Monday, June 28, 2010

US Department of Labor clarifies FMLA definition of ‘daughter and son

Interpretation is a win for all families

The U.S. Department of Labor last week clarified the definition of "son and daughter" under the Family and Medical Leave Act to ensure that a worker who assumes the role of caring for a child receives parental rights to family leave regardless of the legal or biological relationship.

From the News Release ...

"The FMLA allows workers to take up to 12 weeks of unpaid leave during any 12-month period to care for loved ones or themselves. The 1993 law also allows employees to take time off for the adoption or the birth of a child. The administrator interpretation issued by Nancy J. Leppink, deputy administrator of the department's Wage and Hour Division, clarifies that these rights, which provide work-family balance, extend to the various parenting relationships that exist in today's world. This action is a victory for many non-traditional families, including families in the lesbian-gay-bisexual-transgender community, who often in the past have been denied leave to care for their loved ones.

"No one who loves and nurtures a child day-in and day-out should be unable to care for that child when he or she falls ill," said Secretary of Labor Hilda L. Solis. "No one who steps in to parent a child when that child's biological parents are absent or incapacitated should be denied leave by an employer because he or she is not the legal guardian. No one who intends to raise a child should be denied the opportunity to be present when that child is born simply because the state or an employer fails to recognize his or her relationship with the biological parent. These are just a few of many possible scenarios. The Labor Department's action today sends a clear message to workers and employers alike: All families, including LGBT families, are protected by the FMLA."

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Thursday, June 10, 2010

President Obama Calls for Passage of Paycheck Fairness Act

On this 47th anniversary of the Equal Pay Act of 1963, women's rights activists have lifted their voices, calling on the U.S. Senate to end the bottleneck, pass the Paycheck Fairness Act and send it to the President's desk for signature.

Now, President Obama again lends his own voice to those calling for passage in this statement released today by the White House.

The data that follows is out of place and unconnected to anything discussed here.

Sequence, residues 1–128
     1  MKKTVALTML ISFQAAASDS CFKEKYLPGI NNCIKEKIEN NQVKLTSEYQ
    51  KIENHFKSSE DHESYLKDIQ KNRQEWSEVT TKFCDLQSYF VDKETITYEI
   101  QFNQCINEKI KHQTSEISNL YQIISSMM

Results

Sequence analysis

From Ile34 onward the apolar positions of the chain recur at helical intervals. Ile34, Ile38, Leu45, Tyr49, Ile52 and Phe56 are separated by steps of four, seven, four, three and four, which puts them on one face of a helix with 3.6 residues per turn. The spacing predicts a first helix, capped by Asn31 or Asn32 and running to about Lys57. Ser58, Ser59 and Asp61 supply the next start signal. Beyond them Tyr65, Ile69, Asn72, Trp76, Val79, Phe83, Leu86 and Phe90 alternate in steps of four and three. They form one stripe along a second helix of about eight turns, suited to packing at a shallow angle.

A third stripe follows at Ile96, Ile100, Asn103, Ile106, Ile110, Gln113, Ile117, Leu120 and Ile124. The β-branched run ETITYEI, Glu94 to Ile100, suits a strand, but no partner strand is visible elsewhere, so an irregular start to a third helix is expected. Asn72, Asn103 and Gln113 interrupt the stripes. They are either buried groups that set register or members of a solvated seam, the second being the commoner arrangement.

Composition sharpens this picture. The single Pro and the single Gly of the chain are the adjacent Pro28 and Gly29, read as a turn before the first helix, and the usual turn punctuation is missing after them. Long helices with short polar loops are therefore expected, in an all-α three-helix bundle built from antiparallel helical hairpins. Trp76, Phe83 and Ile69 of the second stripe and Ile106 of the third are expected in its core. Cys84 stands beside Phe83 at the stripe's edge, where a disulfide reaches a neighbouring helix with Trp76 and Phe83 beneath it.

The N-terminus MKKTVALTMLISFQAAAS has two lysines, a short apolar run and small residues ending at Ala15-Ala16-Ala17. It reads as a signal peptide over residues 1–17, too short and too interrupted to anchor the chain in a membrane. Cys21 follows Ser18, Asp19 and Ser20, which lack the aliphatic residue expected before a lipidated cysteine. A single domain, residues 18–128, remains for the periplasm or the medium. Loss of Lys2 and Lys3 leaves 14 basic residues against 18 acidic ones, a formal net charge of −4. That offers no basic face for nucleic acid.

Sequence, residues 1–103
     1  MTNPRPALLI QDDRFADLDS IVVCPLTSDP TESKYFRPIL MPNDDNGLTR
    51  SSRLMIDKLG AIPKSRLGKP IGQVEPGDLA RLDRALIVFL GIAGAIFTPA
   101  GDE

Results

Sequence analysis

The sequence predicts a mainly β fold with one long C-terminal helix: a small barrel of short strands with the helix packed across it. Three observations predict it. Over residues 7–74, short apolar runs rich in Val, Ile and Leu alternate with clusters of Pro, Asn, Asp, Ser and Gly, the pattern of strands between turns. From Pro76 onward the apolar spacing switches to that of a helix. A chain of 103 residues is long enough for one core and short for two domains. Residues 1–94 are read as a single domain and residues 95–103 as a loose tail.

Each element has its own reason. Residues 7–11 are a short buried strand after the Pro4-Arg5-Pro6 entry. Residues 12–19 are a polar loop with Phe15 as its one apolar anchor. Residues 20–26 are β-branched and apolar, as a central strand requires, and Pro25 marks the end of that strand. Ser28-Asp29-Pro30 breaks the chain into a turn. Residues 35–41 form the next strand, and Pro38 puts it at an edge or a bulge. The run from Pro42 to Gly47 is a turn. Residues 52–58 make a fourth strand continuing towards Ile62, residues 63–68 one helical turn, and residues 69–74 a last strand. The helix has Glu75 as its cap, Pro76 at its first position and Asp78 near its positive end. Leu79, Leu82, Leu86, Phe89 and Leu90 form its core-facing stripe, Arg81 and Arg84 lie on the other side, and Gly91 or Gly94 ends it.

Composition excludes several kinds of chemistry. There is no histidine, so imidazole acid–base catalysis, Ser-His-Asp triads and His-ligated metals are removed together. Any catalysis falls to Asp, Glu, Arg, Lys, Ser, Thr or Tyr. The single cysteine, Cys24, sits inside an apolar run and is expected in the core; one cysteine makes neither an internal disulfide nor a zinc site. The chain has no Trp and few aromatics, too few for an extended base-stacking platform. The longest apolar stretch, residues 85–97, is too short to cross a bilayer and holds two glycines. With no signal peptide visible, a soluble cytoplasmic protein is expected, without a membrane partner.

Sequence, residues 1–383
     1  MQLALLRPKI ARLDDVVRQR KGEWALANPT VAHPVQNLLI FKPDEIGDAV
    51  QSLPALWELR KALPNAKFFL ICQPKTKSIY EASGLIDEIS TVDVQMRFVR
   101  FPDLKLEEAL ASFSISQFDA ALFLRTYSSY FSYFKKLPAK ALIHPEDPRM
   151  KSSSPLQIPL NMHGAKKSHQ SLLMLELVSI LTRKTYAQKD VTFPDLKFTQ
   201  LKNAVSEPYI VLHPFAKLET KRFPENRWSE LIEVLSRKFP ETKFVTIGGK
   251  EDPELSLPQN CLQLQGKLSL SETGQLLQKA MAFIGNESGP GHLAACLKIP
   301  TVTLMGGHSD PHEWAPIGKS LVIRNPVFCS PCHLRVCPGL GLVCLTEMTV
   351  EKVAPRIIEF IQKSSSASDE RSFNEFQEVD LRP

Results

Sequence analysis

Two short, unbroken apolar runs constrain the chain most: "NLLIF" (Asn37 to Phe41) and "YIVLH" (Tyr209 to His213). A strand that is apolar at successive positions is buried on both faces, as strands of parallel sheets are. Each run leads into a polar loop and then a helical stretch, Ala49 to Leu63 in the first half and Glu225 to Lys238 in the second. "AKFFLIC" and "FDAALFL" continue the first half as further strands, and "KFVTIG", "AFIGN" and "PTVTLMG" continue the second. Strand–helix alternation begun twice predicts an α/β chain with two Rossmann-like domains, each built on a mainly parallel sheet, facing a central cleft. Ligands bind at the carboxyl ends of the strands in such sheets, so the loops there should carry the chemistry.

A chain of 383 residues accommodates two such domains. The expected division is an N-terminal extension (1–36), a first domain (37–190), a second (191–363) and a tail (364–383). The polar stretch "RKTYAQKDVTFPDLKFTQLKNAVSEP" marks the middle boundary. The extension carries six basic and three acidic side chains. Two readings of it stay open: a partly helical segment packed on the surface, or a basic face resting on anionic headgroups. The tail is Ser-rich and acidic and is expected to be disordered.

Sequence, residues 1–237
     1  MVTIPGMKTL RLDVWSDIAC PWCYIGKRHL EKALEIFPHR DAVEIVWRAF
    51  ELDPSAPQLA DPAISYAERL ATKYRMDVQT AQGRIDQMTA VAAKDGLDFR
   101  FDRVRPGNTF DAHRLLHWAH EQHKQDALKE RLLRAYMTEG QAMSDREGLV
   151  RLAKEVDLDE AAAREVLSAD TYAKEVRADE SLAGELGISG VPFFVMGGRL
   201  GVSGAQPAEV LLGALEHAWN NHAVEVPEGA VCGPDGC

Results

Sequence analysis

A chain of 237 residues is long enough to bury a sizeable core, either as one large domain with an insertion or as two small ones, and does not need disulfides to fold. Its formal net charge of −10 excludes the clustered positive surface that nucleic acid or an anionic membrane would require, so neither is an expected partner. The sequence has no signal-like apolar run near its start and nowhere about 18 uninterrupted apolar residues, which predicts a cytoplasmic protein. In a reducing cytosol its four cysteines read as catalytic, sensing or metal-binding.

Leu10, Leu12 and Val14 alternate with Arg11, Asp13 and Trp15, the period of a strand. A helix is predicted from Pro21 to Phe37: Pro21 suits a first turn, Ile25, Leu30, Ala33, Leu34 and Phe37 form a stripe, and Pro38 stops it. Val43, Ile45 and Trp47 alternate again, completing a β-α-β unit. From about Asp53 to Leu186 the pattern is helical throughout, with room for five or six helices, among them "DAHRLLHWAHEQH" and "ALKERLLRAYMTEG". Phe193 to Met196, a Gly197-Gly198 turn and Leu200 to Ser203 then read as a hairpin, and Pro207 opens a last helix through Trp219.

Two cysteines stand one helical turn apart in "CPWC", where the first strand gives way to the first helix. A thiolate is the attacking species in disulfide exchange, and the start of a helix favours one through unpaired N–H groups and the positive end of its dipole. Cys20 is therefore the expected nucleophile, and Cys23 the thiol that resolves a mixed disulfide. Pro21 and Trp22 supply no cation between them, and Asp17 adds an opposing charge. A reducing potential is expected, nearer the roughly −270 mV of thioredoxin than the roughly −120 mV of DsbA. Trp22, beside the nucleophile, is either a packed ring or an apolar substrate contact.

The White House

Office of the Press Secretary

Statement by the President on the Anniversary of the Equal Pay Act

On June 10, 1963, President John F. Kennedy signed into law the Equal Pay Act, which sought to end wage discrimination on the basis of sex. At the time, women were paid 59 cents for every dollar earned by men. 47 years later, pay parity remains far from reality, as women in the United States still only earn 77 cents for every dollar earned by men. For women of color, this gap is even wider. This remains unacceptable, as it was when the Act was signed. All women – and their families – deserve equal pay. Women now make up nearly half of the nation’s workforce, most homes have two working parents, and 60 percent of all women work full-time. As we emerge from one of the worst recessions in American history, when families are struggling to pay their bills and save for the future, pay inequity only deepens that struggle and hampers our economy’s ability to fully recover.

But we have taken some important steps to address this inequality. I am proud that the first bill I signed into law was the Lilly Ledbetter Fair Pay Act, which restored the right to seek a remedy for women who, like the law’s namesake, face wage discrimination during their careers. In my State of the Union address, I pledged to crack down on violations of equal pay laws, and I’ve created the National Equal Pay Enforcement Task Force, bringing together federal agencies to improve the enforcement of equal pay laws. We’ve also increased funding for federal agencies charged with enforcing equal pay laws and other civil rights statutes. The agencies themselves have taken steps to address disparities. For instance, the Department of Labor Women's Bureau is conducting research and analysis, providing technical assistance, and building partnerships to increase women's incomes, narrow the wage gap, and reduce income inequality. And the White House Council on Women and Girls is actively working to close the wage gap.

More needs to be done. I appreciate the House acting on the Paycheck Fairness Act early last year, and I renew my call to the Senate to modernize and strengthen the Equal Pay Act by closing loopholes, providing incentives for compliance, and barring certain types of retaliation against workers by employers. On this anniversary of the Equal Pay Act, let us all renew and redouble our efforts.